Sibling Rivalry

Luke 15:1-3, 11-32:

Tax collectors and sinners were all drawing near to listen to Jesus, but the Pharisees and scribes began to complain, saying, “This man welcomes sinners and eats with them.” So to them Jesus addressed this parable: “A man had two sons, and the younger son said to his father, ‘Father give me the share of your estate that should come to me.’ So the father divided the property between them. After a few days, the younger son collected all his belongings and set off to a distant country where he squandered his inheritance on a life of dissipation. When he had freely spent everything, a severe famine struck that country, and he found himself in dire need. So he hired himself out to one of the local citizens who sent him to his farm to tend the swine. And he longed to eat his fill of the pods on which the swine fed, but nobody gave him any. Coming to his senses he thought, ‘How many of my father’s hired workers have more than enough food to eat, but here am I, dying from hunger. I shall get up and go to my father and I shall say to him, “Father, I have sinned against heaven and against you. I no longer deserve to be called your son; treat me as you would treat one of your hired workers.”’ So he got up and went back to his father. While he was still a long way off, his father caught sight of him, and was filled with compassion. He ran to his son, embraced him and kissed him. His son said to him, ‘Father, I have sinned against heaven and against you; I no longer deserve to be called your son.’ But his father ordered his servants, ‘Quickly bring the finest robe and put it on him; put a ring on his finger and sandals on his feet. Take the fattened calf and slaughter it. Then let us celebrate with a feast, because this son of mine was dead, and has come to life again; he was lost, and has been found.’ Then the celebration began. Now the older son had been out in the field and, on his way back, as he neared the house, he heard the sound of music and dancing. He called one of the servants and asked what this might mean. The servant said to him, ‘Your brother has returned and your father has slaughtered the fattened calf because he has him back safe and sound.’ He became angry, and when he refused to enter the house, his father came out and pleaded with him. He said to his father in reply, ‘Look, all these years I served you and not once did I disobey your orders; yet you never gave me even a young goat to feast on with my friends. But when your son returns who swallowed up your property with prostitutes, for him you slaughter the fattened calf.’ He said to him, ‘My son, you are here with me always; everything I have is yours. But now we must celebrate and rejoice, because your brother was dead and has come to life again; he was lost and has been found.’”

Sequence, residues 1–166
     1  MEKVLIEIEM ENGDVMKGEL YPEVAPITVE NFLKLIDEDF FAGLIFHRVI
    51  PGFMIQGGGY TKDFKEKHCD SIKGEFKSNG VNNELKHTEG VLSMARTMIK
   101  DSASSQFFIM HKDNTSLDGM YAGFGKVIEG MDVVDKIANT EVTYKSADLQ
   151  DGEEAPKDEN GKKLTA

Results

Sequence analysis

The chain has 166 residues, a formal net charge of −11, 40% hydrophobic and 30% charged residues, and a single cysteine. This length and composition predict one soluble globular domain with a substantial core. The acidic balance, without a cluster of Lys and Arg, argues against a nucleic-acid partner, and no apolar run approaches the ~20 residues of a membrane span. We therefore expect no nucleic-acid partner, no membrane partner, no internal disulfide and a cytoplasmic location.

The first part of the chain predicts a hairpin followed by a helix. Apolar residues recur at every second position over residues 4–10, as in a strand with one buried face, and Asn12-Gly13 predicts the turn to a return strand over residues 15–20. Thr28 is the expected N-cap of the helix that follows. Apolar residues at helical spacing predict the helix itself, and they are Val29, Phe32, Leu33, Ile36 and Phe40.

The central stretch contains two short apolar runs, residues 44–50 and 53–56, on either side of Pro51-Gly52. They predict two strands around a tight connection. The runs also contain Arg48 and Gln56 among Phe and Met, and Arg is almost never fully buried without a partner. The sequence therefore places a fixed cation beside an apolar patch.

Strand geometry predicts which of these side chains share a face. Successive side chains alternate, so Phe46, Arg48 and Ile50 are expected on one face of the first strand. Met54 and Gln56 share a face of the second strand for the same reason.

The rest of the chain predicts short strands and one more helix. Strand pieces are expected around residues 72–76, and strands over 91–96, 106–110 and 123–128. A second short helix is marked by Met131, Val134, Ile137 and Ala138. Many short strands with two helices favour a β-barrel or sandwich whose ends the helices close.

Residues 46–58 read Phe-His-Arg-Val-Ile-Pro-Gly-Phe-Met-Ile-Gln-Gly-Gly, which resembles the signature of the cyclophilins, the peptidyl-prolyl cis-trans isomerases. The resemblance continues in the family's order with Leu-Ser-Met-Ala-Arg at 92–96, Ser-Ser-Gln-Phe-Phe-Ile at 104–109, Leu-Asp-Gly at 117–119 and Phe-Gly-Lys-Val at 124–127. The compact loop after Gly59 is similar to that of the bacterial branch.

Most of the focus of the Parable of the Prodigal Son goes to the main character – “the” Prodigal Son.  But the Obedient Son is too often an “after-thought” in the story.  While all of us seem to identify with the Prodigal Son and/or the Father in the Parable, for many of us, we would be remiss if we didn’t see the similarities in how often we’re more like the Obedient Son in life.  Instead of rejoicing in the Redemption and good fortunes of others, we, too, can often focus on ourselves in a wading pool of envy, greed, jealousy, pride, etc.  We “look” at all the years that we “served Him” and “didn’t disobey Him” and can’t believe the second chances others are Granted by God.  Too often, we forget that Jesus left His Eternal Throne in Heaven to come down to earth to save us from our sins.  He didn’t have to, but, He, too, chose the difficult way and the narrow gate.  He came as a dirt-poor infant who was born in an animal’s feeding trough while being hunted by the King of His very own people.  He surrendered everything to be with us – including His very life while getting beaten, scourged, mocked, and nailed to die a sinner’s death on a splintery, wooden cross while suffocating to death.  Maybe Jesus looks at us at times (as the self-proclaimed Obedient Sons and Daughters that we are) and says, like the Father in the Parable, “My Child, you are here with me always; everything I have is yours.”  Maybe He is constantly reminding us how, “We must celebrate and rejoice, because your brother was dead and has come to life again; he was lost and has been found.”  There are wonderful stories of people coming to Christ just before their deaths and, like the Parable of the Vineyard Workers (Matthew 20:1-16), we shouldn’t have contempt for those who come to the Wedding Feast of the Lamb later in the Celebration – we should just be Grateful that they made the Feast at all.  So, as Believers, let us continue to see Jesus and ourselves in others and remember to identify, to some degree, with all of the characters in the Bible.  While it gets uncomfortable at times to admit how we might have behaved like Judas Iscariot, Pontius Pilate, King Herod, or the Obedient Son, Jesus demands that we get “uncomfortable” with the world and to seek and find our “Comfort” in Him.

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